My humble thoughts as one guy with opinions about life, love, religion, society, politics, parenting... yada, yada, yada.

  • RSS
  • Delicious
  • Digg
  • Facebook
  • Twitter
  • Linkedin

Thumbnail Recent Post

Recent Comments

Posted by Lawrence "LAW" Watford - - 0 comments


Okay… So I’m strolling through Walgreens, just minding my own business when I happened to wonder down the hair-care isle.  But while I was there, I started looking over the products, taking a stroll down memory lane.  You see, for about 15 years I had locs and didn’t worry too much about hair products (I leaned more towards the “lion” styled locs as opposed to the finely manicured/You can see my greased scalp style). 

But as I looked around, there they were; the old favorites like Nu Nile and Blue Magic.  The Epitome relaxer box took me back to my college days (Hampton University stand up!) when I used to deliver wholesale hair care products to black salons.  And that “Just For Me” box instantly took me back to my elementary school in Brooklyn, where girls would have their hair all over the place one day and the next it’d look just like the girls from the commercial with that annoying song that I, to this day can’t get out of my head – “Just for Meeeeeeeeeee” (y’all remember that commercial).

Anyway, I’m about to go to the register when an old friend happened to catch my eye… The S-Curl box.   Off all the memories that I have involving my hair, few are as potent as my history with S-Curl.  Now I know that a few of the few of you who happen to read “Mansitioning” on TransitioningMovement.com question how I (as a man… a straight man even more so) can write about beauty issues related to black women.  And in response, I’ve listed my credentials at various points, but of all those credentials, none may be more relevant than my S-Curl days.

There was nothing like the first day you step on the playground with a fresh new flat-top or slope, that’s been pimped out with an S-Curl kit.  Usually this was “picture day” and you always come late on that day.   While all of my class was lined up and about to walk into the school, here I’d come, walking up in slow motion, with your own theme music (probably Keith Sweat) playing in my head.   And for at least a week, no matter how popular you weren’t before, you were the effing man!  I used to try to hold on to those curls for as long as I could, so every week and a half I’d sneak and throw a little more of that "stinky-a$$" cream in my hair, until I found myself scraping my finger around the jar for the residue of the cream. But sooner or later that S-Curl would grow out, and for me, there was something taboo about doing back-to-back applications of S-Curl.  Once a semester was my limit.  

That was my routine in elementary school, but for some reason in Junior High School, processed hair wasn’t as cool. When before I used to show up walking in slow motion with an Al B. Sure song in my head, NOW I couldn’t hear my own song over that audible singing of  “Just let your SOUL Glow!!!” and the occasional “follow the drip” comment.   All of a sudden, it wasn’t enough to just pop up one day with curly hair.  No, now these @#$%^&* wanted you to provide a DNA sample and  a genealogically sound explanation for how it was all possible (unless you were Jamaican.  For some reason, none of my Jamaican friends ever had to justify their S-Curls... I never understood that).  Anyway, when I found myself up against a wall and pressed for an answer I tossed out the only answer that could possibly make sense to a fourteen-year-old, “I got Indian in my family.”     Not sure where that genius answer came from, but it was enough - (I probably heard it from one of those baby haired girls with the greasy forehead, temples, cheeks... and ears).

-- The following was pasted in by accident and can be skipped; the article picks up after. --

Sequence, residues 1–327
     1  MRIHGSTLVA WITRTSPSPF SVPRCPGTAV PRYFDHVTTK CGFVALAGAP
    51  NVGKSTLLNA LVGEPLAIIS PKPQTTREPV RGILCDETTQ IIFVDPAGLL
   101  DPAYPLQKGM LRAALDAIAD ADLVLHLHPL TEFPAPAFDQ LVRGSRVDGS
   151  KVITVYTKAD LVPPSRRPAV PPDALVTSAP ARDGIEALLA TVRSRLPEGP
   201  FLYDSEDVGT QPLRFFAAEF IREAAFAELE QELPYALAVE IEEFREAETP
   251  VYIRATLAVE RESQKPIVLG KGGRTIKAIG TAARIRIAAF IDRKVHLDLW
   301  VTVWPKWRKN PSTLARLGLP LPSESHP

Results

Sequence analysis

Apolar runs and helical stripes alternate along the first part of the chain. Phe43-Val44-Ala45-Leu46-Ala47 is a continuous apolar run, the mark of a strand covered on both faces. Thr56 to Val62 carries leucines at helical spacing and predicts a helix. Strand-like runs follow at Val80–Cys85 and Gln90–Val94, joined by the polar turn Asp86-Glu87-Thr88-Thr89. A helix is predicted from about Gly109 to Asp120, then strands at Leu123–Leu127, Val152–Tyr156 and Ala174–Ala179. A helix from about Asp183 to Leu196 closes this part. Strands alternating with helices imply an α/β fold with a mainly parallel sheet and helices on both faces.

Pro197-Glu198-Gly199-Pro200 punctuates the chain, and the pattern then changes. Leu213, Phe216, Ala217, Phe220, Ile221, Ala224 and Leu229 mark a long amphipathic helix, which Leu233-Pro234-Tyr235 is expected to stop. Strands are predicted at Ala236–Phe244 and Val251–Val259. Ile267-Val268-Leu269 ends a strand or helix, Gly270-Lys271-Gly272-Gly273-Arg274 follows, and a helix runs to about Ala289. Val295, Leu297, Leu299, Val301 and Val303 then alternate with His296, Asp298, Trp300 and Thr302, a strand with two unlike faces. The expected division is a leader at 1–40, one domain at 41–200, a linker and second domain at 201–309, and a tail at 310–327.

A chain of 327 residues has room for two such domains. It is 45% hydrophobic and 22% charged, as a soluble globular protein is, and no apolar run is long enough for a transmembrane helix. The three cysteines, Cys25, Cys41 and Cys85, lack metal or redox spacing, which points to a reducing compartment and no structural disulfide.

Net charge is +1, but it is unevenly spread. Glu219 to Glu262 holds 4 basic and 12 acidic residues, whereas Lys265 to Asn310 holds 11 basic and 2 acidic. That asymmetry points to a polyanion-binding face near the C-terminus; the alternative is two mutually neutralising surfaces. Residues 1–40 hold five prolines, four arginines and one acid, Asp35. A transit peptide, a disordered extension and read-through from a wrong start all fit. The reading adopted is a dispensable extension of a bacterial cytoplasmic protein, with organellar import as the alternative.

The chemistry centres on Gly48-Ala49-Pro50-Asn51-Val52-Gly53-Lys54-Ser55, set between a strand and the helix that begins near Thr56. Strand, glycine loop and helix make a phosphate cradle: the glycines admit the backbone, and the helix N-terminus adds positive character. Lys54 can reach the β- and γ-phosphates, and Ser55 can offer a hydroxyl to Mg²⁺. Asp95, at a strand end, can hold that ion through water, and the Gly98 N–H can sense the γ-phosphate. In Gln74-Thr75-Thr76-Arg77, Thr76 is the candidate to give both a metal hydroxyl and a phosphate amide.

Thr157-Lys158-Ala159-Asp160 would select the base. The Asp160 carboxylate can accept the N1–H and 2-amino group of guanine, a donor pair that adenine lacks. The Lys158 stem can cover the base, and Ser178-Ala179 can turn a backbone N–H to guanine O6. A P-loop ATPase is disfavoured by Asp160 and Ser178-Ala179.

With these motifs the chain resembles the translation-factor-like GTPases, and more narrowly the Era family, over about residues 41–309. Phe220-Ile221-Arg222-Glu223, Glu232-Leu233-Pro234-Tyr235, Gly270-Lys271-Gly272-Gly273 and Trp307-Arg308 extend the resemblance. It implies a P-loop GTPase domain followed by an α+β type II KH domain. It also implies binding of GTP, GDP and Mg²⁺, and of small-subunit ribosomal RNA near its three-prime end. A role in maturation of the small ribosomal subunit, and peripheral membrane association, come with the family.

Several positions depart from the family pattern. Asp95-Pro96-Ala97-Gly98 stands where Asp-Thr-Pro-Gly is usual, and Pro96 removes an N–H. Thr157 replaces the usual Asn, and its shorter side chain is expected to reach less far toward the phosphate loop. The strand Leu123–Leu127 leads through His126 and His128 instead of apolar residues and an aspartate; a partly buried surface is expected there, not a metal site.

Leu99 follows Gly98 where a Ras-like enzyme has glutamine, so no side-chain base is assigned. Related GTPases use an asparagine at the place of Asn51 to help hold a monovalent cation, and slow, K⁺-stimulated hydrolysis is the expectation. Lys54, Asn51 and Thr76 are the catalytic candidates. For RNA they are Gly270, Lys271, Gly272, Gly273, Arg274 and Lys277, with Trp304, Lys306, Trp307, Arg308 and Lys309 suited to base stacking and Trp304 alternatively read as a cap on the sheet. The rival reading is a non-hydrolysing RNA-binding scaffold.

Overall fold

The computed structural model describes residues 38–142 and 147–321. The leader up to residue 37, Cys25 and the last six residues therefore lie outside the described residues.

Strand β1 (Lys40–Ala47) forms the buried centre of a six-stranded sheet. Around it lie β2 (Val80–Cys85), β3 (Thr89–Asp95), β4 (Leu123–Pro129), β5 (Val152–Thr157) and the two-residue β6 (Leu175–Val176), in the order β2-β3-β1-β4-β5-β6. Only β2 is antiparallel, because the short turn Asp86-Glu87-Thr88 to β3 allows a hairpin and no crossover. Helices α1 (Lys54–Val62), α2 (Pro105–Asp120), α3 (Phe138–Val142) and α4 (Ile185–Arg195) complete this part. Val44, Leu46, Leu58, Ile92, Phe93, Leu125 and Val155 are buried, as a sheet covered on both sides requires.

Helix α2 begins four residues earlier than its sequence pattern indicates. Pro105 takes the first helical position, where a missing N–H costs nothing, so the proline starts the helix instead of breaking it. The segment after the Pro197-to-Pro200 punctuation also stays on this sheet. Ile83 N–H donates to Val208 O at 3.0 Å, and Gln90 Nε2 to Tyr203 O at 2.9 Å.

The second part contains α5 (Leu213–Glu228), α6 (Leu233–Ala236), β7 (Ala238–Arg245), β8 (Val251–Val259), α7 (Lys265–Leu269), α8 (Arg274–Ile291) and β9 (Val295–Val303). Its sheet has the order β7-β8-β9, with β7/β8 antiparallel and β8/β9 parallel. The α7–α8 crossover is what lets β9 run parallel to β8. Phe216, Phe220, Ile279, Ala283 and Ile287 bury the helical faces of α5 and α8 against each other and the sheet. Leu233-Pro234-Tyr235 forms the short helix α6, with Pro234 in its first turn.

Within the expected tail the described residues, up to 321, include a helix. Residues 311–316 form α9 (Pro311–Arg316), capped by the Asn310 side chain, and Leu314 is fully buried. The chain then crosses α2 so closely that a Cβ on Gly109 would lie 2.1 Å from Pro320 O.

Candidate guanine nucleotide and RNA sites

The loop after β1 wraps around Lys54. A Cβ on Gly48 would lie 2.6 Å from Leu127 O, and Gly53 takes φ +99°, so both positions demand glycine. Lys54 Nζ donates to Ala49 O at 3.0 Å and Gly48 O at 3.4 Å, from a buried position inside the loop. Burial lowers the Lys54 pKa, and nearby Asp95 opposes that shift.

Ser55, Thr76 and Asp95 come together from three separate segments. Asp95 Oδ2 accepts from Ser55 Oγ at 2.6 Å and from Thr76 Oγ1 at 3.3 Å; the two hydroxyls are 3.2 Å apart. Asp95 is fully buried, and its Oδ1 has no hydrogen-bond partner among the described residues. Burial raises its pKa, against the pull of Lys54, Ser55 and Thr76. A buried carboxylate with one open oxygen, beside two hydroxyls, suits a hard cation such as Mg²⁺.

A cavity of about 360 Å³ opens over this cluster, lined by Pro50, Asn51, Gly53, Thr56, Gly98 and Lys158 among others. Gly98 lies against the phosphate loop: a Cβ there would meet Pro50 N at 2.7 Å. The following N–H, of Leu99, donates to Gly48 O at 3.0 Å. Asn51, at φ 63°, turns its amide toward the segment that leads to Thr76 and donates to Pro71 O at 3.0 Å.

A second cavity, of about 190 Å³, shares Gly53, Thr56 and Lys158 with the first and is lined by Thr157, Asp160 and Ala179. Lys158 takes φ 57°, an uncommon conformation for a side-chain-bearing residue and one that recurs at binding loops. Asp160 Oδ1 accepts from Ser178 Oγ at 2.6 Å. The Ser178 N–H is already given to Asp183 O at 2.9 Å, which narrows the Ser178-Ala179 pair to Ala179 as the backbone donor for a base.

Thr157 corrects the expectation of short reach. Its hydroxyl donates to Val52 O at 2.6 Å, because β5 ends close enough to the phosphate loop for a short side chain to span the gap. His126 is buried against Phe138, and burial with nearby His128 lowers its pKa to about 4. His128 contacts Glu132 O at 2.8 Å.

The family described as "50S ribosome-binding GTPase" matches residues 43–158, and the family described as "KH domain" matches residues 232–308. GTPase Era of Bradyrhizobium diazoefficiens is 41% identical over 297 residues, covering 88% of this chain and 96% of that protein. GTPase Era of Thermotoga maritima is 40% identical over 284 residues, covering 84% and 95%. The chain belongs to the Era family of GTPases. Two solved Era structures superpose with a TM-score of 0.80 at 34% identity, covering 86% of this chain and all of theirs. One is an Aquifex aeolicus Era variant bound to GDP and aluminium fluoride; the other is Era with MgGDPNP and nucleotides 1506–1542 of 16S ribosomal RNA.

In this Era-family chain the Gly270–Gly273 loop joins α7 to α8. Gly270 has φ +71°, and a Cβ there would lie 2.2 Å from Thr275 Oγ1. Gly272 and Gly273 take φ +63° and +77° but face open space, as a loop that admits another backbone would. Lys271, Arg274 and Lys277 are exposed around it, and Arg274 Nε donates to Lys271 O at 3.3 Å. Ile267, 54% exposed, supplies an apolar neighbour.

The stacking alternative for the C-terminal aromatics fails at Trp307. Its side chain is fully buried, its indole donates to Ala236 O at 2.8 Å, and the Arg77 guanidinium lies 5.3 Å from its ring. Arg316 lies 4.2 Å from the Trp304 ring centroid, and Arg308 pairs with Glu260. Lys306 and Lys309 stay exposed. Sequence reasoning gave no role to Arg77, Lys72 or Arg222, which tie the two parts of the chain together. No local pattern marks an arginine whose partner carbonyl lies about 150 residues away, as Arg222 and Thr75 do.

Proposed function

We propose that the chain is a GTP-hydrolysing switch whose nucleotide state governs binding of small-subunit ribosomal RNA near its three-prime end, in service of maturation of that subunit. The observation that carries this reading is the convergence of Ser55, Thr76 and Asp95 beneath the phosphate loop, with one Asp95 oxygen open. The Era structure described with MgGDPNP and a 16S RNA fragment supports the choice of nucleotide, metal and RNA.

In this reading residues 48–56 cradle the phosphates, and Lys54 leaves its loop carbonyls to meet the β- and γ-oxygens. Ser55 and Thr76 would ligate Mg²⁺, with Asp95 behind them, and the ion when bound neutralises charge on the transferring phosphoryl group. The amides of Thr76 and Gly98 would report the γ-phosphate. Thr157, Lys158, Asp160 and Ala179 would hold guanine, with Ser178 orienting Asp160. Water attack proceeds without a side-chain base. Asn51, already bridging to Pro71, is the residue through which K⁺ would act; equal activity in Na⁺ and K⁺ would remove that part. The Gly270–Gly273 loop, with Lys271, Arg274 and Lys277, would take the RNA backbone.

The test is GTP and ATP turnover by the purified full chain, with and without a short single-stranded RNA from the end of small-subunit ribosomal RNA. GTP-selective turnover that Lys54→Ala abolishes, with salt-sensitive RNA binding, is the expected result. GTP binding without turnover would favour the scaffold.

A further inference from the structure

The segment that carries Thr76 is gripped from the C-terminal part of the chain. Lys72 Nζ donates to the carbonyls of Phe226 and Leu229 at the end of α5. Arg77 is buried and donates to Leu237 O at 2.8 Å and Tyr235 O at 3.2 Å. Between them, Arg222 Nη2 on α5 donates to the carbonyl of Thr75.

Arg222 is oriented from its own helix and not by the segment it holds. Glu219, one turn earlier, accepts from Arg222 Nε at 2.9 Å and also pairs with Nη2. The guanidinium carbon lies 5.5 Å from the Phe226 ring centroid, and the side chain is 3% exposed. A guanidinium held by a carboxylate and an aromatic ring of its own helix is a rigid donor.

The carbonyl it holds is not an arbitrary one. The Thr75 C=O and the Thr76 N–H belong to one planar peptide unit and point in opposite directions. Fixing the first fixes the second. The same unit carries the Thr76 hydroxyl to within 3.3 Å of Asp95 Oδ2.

Yeah, those were not the days, and in the end I think the pressure for me was the same as it was and is with a lot of women and girls.  I simply wanted to look good. I wanted to do something different, and if I’m being honest, I wanted to look like the kids, I thought looked better than me.  My Dominican and Puerto Rican friends had curly hair, which seemed to correlate with the number of “Will you be my boyfriend? Check yes or no” notes they received.   Frankly, I think it’s why a lot of girls (and sadly grown women) used to slick the edges of their scalp with Petroleum Jelly to mimic “baby hair” or why they, later invested in hazel contact lenses.

So I guess, in the end we’re not that different. Just like a lot of you, I sat between my mom’s legs as she combed in that “stanky-a$$”cream.  Just like many of you, I’ve had an occasion or two where that crème was left in too long – for maximum effect (which I definitely don’t recommend you do, because one of my cousins did that and instead of curls came out looking like a 1950’s Motown artist).   And just like many of you, I’ve been burned by it. But as I look back, I’m so glad that I learned how to appreciate beauty on a spectrum, as opposed to beauty on the basis of another’s opinion or physical characteristics that God, did not genetically endow me with.  Because no matter how straight my grandmother’s Meherrin Indian hair was, the fact of the matter is that there wasn’t enough “Indian in my family” to give me the kind of curls that  S-Curl kit did.   




Thank you for checking out my column “Mansitioning.”   I hope you’ll leave feedback and follow me at www.mansitioning.com, on Facebook @ http://www.facebook.com/mansitioning and on twitter (https://twitter.com/mansitioning). Give me some ideas about what kind of subjects you’d like to hear about...

Leave a Reply